A typical athlete, whether it be high school, college or professional, burns somewhere in the range of 15 calories per pound per day. Meaning, a 175lb athlete burns around 2,625 calories per day (175x15). This is important to know because if you want to gain weight, you need to consume more calories than you burn and if you want to lose, you need to burn more than you consume (we all know this already). An athlete wanting to maintain their current weight should aim to consume 15 calories for every pound of their body weight.
So for our 175 pound athlete we already know that he should be aiming for 2,625 calories per day (175x15) if he is trying to maintain his current weight.
What if you need to gain or lose weight?
For athletes looking to add muscle/size, you should increase caloric intake by 25% until desired weight is achieved.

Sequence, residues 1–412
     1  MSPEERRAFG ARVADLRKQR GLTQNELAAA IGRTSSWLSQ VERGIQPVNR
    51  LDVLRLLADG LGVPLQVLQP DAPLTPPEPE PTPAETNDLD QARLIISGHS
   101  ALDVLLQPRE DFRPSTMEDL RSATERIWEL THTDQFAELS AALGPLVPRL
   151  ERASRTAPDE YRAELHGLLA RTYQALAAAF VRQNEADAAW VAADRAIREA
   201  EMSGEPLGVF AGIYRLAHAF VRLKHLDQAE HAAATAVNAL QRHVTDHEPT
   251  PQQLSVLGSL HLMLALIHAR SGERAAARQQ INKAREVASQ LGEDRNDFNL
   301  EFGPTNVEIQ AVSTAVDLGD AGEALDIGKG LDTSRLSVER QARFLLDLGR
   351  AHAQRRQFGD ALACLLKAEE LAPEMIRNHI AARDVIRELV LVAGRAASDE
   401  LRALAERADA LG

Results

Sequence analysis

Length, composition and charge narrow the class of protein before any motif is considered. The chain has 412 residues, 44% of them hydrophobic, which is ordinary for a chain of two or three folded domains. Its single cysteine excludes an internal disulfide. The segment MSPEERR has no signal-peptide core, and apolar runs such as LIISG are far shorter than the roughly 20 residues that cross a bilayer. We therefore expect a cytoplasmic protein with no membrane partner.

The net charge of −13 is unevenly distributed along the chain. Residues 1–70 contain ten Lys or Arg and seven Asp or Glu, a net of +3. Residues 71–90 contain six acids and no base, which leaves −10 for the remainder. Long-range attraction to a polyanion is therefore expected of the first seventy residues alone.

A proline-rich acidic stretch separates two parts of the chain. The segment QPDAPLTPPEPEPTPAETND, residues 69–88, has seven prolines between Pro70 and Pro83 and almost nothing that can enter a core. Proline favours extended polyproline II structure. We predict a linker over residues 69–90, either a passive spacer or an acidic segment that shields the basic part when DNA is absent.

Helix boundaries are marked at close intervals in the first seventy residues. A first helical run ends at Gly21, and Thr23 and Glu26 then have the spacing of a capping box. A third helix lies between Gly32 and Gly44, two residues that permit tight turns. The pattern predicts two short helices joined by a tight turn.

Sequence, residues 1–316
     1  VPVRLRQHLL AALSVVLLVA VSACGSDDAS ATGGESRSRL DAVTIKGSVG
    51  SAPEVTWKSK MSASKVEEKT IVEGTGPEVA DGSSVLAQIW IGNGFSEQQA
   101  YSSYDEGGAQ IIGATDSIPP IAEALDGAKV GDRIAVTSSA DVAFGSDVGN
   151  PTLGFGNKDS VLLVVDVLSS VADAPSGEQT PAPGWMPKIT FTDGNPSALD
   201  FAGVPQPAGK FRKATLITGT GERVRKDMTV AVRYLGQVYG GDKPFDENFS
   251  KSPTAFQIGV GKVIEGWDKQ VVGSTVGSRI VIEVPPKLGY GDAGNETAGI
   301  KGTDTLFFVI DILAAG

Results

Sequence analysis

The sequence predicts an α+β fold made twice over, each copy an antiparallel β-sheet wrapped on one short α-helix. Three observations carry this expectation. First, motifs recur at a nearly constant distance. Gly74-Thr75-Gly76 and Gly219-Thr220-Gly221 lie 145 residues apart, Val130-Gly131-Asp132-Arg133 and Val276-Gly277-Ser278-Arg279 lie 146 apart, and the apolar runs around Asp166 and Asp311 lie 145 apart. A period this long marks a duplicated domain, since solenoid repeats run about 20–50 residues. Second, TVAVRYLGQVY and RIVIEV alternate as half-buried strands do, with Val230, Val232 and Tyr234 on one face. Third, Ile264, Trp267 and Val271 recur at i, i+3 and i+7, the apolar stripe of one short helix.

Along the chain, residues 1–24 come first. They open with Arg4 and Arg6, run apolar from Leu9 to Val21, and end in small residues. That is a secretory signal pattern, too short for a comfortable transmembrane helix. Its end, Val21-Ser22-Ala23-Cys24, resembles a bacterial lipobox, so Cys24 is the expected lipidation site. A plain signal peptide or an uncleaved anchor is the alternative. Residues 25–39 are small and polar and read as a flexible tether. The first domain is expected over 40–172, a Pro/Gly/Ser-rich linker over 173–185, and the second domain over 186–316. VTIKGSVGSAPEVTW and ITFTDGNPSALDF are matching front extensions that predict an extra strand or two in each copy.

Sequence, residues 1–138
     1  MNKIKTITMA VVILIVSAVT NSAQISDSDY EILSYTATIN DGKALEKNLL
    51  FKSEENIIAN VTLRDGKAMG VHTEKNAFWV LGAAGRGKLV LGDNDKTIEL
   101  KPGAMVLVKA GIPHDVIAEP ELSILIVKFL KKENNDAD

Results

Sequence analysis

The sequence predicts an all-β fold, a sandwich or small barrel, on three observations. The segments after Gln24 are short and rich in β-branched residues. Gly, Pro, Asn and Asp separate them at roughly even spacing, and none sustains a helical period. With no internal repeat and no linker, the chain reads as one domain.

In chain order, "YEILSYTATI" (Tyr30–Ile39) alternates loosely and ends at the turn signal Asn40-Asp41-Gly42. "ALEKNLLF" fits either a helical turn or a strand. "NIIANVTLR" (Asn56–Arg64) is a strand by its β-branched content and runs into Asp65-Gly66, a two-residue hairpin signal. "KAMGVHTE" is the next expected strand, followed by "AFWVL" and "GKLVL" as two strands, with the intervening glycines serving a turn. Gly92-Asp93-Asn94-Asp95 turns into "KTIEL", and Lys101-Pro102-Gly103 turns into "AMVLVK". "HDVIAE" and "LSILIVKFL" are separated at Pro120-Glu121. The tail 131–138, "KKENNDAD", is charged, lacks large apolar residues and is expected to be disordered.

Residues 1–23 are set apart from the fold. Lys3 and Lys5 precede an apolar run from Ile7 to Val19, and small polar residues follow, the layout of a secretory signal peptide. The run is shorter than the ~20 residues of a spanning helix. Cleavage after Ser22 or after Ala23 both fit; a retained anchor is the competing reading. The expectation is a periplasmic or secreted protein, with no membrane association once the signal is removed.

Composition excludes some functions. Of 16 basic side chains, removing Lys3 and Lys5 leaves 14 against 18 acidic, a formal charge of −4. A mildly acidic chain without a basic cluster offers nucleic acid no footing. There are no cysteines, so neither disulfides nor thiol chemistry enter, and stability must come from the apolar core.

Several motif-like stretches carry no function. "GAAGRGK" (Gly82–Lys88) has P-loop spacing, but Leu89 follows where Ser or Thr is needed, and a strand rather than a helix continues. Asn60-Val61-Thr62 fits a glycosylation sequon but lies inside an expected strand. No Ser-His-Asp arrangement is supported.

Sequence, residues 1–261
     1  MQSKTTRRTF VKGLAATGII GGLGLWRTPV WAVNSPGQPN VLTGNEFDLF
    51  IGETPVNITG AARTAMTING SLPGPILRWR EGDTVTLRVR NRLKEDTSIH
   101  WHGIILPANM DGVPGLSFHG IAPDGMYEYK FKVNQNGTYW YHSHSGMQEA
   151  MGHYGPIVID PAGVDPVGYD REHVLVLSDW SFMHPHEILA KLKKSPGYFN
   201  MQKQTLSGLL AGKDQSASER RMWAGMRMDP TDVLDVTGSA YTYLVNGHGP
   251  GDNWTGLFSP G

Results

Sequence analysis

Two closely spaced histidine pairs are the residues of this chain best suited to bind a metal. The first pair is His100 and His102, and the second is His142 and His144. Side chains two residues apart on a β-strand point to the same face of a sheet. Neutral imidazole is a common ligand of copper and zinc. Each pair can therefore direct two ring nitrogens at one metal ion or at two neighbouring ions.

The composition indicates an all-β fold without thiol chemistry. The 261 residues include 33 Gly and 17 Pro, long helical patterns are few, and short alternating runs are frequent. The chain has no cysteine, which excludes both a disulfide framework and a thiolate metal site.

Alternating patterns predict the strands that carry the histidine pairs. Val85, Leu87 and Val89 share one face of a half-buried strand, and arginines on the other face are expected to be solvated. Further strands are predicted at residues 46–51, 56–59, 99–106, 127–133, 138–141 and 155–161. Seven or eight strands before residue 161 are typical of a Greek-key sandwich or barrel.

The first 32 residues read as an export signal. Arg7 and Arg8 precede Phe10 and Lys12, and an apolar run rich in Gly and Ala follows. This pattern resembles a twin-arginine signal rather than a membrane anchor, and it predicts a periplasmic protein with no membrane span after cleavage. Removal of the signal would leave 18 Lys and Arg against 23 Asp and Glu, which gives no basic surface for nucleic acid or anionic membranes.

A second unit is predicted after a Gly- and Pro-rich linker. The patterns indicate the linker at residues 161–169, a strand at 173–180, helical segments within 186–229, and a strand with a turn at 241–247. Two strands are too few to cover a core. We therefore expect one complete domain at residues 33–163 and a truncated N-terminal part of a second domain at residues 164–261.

For athletes looking to lose weight, you should decrease caloric intake by 25% until desired weight is achieved.
If the same athlete wants to gain weight, we multiply 2,625 by 1.25 to find our new caloric total.
If he wants to lose weight, we multiply 2,625 by 0.75 to find our new caloric total.
175lbs x 15 = 2,625 calories x 1.25 = 3,281 calories/day for weight gain
175lbs x 15 = 2,625 calories x 0.75 = 1969 calories/day for weight loss
As for the amount of protein and carbs, athletes should be consuming roughly 1.5g of these per pound of bodyweight (adjusted for your goal). Using the same 175lb athlete example, that would mean roughly 260g of protein and 260g of carbs per day (175x1.5). The remainder of our calories will be made up of fats that we get from peanut butter, various meats and dairy products for example, which all contain healthy fats. An ideal number of fat grams per day would be about half of your body weight in grams of fat each day or about 87g for a 175lb athlete.
Putting it all together:
Now for a challenge...
Download the app on your phone called "My Fitness Pal." Log in everything that you eat over a three day period. Check your stats on the app at the end of each day to see how close or far off your nutrition habits are from where they need to be and adjust accordingly.